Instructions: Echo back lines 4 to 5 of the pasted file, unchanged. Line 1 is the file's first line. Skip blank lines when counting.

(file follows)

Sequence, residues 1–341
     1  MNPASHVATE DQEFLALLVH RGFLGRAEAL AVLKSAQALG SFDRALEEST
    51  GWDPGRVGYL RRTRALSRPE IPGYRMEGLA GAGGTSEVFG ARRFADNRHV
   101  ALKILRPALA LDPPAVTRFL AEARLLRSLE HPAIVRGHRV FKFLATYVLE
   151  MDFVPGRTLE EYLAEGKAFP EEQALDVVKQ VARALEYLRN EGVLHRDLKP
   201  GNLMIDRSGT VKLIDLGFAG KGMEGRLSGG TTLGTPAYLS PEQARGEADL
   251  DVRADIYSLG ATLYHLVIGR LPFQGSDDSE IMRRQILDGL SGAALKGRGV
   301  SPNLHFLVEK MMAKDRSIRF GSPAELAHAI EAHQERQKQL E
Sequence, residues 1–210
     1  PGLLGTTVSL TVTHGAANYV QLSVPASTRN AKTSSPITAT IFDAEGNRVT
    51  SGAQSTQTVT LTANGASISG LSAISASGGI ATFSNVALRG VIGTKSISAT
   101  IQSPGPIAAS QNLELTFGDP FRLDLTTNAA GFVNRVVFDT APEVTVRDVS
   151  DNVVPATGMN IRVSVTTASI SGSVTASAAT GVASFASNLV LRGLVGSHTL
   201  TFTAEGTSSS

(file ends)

   101  ALKILRPALA LDPPAVTRFL AEARLLRSLE HPAIVRGHRV FKFLATYVLE
   151  MDFVPGRTLE EYLAEGKAFP EEQALDVVKQ VARALEYLRN EGVLHRDLKP